Cheaspeake Bay's Skipjack Oystermen

Boats in the nation's last commercial sailing fleet play cat-and-mouse games with each other as they search for the succulent shellfish

ALL hands are on deck. Four eager watermen and their captain wait patiently. An occasional guttural sound hints otherwise. Three skipjack sailboats crisscross an area of Chesapeake Bay within sight of each other, searching for oysters beneath the chilly, choppy surface. One of them had returned with a big haul two days before; only the general location of the promising bar is known by the others.

You can sense Capt. Darryl Larrimore's thoughts as he spins the tiller in search of the prize. Maybe the oyster bed is closer to shore. No, he's drifting South again. He watches for telltale vibrations on a cable pulling a dredge that combs the bottom. Looking up, he spots another boat. ``He knows where they are,'' he says. ``He's just waiting until we get disgusted and leave.''

Apparently, one day one skipjack finds a prime spot, the next day another does. It's a game grown men play seriously. The goal is to scrape up enough oysters to make a living and continue a way of life begun long ago.

Captain Larrimore, a fourth-generation waterman and captain of the 56-foot ``Nellie L. Byrd,'' can name all the boats his father worked on. Built in 1911, and recently rebuilt ``from the water up'' by Mr. Larrimore, his boat is one of the largest remaining skipjacks. He chuckles at published reports of the fleet's expected demise. His confidence conveys the impression that this way of life will continue for a long time.

Of the crew, Eddie Heath is the youngest, running around looking for things to do that the captain will notice. Edward Gowet sits quietly, apparently his 18 years before the mast telling him hard work will come soon enough. Tucker Harrison, a seven-year waterman, inspects his rubberized gloves thoughtfully.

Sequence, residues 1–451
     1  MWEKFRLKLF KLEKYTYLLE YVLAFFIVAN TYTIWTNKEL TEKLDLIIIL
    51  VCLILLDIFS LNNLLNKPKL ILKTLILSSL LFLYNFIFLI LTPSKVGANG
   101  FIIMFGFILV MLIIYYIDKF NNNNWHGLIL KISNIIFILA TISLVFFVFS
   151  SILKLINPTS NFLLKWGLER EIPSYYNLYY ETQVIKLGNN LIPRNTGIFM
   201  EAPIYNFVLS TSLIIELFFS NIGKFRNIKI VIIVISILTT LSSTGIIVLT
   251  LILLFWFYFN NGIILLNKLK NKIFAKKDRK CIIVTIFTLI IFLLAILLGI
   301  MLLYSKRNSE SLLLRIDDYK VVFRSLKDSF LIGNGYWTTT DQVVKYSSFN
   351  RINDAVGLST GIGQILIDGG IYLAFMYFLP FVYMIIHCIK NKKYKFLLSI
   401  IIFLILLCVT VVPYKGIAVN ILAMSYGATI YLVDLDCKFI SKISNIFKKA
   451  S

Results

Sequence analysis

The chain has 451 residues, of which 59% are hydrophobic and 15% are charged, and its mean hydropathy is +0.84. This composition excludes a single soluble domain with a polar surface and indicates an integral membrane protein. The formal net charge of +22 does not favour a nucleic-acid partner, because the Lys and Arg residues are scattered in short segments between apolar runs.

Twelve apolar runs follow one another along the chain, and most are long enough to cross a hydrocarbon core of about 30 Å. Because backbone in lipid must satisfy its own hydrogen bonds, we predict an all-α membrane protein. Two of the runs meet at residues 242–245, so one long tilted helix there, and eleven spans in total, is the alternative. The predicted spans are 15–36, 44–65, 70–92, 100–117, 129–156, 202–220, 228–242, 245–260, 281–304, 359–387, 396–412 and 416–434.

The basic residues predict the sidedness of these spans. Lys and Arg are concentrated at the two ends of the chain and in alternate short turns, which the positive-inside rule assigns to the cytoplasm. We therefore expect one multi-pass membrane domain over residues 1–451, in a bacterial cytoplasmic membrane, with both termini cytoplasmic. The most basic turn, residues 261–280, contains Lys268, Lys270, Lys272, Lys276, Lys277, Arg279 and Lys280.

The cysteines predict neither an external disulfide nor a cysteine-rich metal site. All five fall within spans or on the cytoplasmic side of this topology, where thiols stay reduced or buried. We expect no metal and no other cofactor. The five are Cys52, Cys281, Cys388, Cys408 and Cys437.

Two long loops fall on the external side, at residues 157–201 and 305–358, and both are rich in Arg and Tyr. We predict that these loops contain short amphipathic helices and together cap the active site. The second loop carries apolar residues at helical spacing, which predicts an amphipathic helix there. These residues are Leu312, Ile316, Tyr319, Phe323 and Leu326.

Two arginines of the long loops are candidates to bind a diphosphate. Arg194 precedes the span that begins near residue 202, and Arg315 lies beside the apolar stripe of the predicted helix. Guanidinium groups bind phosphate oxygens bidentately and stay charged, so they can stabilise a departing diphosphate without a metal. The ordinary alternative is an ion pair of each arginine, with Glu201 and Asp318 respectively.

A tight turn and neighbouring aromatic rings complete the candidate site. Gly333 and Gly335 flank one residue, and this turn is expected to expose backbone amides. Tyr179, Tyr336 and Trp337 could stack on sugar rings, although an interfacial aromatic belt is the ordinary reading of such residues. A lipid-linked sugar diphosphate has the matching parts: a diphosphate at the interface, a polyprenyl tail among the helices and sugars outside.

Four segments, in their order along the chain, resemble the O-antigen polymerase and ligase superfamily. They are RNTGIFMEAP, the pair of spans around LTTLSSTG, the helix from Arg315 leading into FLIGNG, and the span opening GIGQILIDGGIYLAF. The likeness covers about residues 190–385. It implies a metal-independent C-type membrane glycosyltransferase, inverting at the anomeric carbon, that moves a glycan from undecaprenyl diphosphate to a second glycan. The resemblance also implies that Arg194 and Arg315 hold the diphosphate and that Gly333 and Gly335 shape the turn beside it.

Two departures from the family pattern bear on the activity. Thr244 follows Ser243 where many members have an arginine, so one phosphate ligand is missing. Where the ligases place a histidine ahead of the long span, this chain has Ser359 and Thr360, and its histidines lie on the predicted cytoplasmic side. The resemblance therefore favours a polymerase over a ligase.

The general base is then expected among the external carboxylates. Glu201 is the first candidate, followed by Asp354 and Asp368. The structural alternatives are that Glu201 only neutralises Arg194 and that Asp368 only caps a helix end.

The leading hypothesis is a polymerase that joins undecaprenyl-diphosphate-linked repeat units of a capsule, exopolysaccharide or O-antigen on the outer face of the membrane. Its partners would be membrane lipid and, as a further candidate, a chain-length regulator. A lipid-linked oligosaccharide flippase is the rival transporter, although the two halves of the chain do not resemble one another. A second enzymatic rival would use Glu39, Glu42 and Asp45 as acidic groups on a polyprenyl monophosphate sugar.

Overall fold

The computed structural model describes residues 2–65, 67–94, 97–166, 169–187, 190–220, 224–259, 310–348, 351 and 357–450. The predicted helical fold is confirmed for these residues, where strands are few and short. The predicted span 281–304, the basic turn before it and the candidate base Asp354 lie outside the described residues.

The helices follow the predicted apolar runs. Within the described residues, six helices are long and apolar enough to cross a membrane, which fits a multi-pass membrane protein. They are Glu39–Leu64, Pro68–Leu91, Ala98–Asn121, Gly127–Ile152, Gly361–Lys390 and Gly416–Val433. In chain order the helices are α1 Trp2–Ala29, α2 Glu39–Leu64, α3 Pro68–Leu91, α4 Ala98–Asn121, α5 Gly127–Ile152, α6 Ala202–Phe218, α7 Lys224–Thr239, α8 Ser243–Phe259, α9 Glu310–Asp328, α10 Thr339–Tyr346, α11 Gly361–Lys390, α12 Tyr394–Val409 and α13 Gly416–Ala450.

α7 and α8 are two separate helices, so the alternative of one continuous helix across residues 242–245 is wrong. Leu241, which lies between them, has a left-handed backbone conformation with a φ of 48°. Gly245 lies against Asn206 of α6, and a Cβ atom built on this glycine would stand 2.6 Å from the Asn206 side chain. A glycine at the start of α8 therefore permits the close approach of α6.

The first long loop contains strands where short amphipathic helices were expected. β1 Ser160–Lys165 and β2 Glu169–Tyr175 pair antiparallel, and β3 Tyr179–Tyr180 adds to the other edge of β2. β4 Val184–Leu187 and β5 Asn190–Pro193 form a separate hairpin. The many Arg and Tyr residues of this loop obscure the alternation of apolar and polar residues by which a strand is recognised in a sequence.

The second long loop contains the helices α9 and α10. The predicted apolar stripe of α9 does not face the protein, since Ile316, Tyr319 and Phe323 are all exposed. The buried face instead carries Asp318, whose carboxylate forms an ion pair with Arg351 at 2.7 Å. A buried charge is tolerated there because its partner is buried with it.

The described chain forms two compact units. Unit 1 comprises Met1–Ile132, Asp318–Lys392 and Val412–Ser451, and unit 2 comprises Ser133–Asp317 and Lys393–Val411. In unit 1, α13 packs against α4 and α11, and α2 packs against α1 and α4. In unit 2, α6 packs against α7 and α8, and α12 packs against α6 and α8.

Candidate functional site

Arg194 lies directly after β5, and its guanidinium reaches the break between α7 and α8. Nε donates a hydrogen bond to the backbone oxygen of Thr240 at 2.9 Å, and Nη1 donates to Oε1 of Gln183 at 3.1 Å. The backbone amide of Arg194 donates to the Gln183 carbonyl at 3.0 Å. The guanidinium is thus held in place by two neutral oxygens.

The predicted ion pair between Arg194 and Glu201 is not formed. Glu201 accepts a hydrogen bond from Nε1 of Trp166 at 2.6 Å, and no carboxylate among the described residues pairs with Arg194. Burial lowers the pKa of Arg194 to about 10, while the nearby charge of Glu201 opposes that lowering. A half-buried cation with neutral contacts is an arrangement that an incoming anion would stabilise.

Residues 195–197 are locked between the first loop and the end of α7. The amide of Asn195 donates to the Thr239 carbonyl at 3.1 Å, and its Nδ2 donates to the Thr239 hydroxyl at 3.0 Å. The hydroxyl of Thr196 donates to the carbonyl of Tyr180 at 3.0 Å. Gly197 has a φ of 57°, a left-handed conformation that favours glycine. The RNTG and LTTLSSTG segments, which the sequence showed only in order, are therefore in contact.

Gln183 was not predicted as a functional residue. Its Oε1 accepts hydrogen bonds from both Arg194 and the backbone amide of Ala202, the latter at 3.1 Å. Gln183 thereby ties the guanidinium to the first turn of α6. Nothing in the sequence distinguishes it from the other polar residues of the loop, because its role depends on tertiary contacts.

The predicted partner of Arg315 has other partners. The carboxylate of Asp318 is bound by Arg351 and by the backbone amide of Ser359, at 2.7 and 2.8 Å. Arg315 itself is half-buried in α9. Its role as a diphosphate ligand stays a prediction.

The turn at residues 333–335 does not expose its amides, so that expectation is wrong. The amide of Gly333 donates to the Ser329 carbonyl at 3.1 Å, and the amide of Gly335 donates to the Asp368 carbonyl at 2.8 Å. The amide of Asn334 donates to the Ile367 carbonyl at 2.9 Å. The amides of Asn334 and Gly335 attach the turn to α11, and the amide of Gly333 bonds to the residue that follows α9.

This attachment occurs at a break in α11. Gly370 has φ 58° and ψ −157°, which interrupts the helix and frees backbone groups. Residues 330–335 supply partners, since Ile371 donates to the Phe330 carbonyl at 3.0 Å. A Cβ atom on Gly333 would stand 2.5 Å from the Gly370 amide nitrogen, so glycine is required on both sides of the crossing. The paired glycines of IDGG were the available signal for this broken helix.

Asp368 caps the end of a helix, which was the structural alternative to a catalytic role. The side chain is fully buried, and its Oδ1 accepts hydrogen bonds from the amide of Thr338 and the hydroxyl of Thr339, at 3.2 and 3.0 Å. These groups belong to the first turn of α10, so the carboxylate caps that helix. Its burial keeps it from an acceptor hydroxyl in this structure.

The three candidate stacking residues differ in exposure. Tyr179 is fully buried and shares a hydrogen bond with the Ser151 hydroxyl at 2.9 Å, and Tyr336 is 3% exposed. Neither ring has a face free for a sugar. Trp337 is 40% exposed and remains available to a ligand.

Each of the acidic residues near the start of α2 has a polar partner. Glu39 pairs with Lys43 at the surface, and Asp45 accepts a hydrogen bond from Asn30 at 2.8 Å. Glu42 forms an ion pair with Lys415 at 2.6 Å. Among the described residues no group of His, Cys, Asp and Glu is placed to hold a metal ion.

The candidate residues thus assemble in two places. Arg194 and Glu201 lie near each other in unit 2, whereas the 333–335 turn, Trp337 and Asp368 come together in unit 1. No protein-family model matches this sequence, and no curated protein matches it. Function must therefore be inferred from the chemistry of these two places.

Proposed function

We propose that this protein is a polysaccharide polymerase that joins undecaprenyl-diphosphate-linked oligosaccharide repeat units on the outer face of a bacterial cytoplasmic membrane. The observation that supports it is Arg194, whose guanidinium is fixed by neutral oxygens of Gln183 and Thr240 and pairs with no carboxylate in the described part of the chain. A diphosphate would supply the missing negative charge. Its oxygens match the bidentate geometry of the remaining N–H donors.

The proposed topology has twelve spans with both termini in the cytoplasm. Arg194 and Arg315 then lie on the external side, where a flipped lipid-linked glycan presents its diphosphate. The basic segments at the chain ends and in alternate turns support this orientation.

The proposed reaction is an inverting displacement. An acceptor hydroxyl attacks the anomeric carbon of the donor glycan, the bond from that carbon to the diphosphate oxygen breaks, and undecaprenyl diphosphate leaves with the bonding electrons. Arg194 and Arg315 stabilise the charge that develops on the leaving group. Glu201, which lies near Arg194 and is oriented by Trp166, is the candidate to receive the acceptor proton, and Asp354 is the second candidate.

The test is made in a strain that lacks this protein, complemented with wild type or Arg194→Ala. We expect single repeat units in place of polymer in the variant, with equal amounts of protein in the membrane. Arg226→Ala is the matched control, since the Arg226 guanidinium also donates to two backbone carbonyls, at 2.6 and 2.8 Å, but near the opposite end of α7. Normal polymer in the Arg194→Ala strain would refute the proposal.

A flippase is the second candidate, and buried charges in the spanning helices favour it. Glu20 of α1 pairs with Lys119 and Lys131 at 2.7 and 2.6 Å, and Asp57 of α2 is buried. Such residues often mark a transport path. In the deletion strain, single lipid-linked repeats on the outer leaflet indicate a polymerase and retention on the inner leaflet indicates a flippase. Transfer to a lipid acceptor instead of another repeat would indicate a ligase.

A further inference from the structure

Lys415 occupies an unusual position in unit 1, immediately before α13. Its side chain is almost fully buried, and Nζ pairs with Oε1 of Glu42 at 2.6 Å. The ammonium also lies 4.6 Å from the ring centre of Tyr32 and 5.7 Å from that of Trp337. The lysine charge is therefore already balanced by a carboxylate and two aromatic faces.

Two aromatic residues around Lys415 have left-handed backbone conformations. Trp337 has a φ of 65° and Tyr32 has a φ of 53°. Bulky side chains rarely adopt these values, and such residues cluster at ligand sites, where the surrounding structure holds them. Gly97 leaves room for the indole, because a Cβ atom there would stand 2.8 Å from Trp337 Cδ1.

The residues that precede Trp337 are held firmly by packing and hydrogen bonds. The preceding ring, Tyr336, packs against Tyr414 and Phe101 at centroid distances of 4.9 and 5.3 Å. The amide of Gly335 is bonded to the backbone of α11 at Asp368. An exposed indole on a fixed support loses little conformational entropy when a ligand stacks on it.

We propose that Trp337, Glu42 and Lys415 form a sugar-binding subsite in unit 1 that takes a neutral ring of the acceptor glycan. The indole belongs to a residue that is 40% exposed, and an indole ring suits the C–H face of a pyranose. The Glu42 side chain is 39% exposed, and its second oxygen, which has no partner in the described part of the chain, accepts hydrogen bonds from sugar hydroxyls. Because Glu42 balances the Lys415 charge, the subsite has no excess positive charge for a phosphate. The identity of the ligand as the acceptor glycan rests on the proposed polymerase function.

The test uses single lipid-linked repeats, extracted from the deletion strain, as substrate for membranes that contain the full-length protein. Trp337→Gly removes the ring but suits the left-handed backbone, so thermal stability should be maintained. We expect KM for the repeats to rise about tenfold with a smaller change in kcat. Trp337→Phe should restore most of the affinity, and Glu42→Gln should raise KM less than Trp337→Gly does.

Reynolds Larrimore, the captain's cousin, cautiously shares with a visitor his thoughts about what's happening to the skipjack fleet, based on his 20 years experience. Water pollution from industry, farms, and even storms that create floods of fresh water, not to mention heavy harvesting by various types of boats, have taken their toll on the oyster, he says.

Coming out of a turn, the captain calls, ``Let 'er down again.'' The dredge splashes as it hits the surface, disappears silently, the cable cutting the water smoothly. Reynolds stoops on deck, holds the cable with one hand, and waits, feeling it's pulse.

The skipjacks, though of shallow draft to get over sand bars, are nonetheless sailboats. Apparently, it's not practical to dredge under sail anymore. Government regulations are complex. Only traditional sailboats are permitted to dredge for oysters (gathering everything in the scoops' path). The regulations for skipjacks say two days a week are allowed for use of power.

At the turn of the century, the sailboat fleet numbered 1,000 boats. In the 1950s, there were about 100. Today, the last commercial sailing boat fleet in this country numbers less than two dozen. And one of those, the ``Rosie Parks,'' is on exhibit at the nearby Chesapeake Bay Maritime Museum at St. Michaels, Md.

It's nearly midday. The ``push boat'' rumbles over the stern; it's hypnotic rhythm has pulsated the same way for the more than four hours since we left moorings before sun up. And not a dozen three-inch ``keepers'' (salable oysters) are on deck to show for it.

A ``push boat,'' a small boat with a large engine, is the power that moves a skipjack when it's not under sail. It butts against the stern, propelling the boat forward: very handy in getting to the dredging locations quickly.

Regulations say that engines may not be on board except to haul the dredges on deck. On nonpower days, when the sails must be used, the push boat must be hoisted out of the water and suspended at right angles to the skipjack on lifeboat-like supports over the stern.

``Hand tongers,'' and other small oyster boats numbering in the hundreds, operate under less-restrictive rules. Oystering season is only during the worst winter weather, November to mid-March.

Suddenly, after hours of tedious searching, the cable vibrates, the dredge is hauled up by an onboard engine, and old shells, rocks, and - at last! - several ``keepers'' spill forth. Eddie whoops ``alright'' and the day's work is on.

With the discovery of the right spot, the charade is over and the other two boats begin dredging immediately.

The next three hours are a blur - dredges over the side, then up with a splash, the crew on it's knees sorting, the captain spinning the tiller, the three boats pacing back and forth, cooperating as they must over the find.

On board, grunts of satisfaction and disappointment alternate, governed by what the nets bring up. The only pause is during turns.

As 3 p.m. nears, gloved hands fly more furiously and then, suddenly, the clock, by regulation, ends the day's harvest. Without a pause, each boat swings toward home; it will be long after sundown before they get there.

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